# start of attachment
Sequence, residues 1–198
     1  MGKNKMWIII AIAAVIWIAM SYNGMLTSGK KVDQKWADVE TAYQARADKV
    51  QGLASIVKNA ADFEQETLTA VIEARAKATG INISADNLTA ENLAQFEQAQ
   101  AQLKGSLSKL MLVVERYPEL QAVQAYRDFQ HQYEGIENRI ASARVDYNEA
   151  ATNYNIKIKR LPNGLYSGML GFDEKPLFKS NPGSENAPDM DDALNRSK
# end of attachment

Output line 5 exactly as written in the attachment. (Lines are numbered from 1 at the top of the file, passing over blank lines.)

   151  ATNYNIKIKR LPNGLYSGML GFDEKPLFKS NPGSENAPDM DDALNRSK